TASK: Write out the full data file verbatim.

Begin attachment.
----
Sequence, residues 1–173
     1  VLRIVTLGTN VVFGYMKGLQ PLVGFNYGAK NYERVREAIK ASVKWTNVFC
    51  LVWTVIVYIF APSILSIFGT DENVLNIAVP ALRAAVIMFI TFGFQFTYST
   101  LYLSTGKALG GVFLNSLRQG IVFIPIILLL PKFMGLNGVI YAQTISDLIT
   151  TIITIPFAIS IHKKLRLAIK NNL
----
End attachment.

Sequence, residues 1–173
     1  VLRIVTLGTN VVFGYMKGLQ PLVGFNYGAK NYERVREAIK ASVKWTNVFC
    51  LVWTVIVYIF APSILSIFGT DENVLNIAVP ALRAAVIMFI TFGFQFTYST
   101  LYLSTGKALG GVFLNSLRQG IVFIPIILLL PKFMGLNGVI YAQTISDLIT
   151  TIITIPFAIS IHKKLRLAIK NNL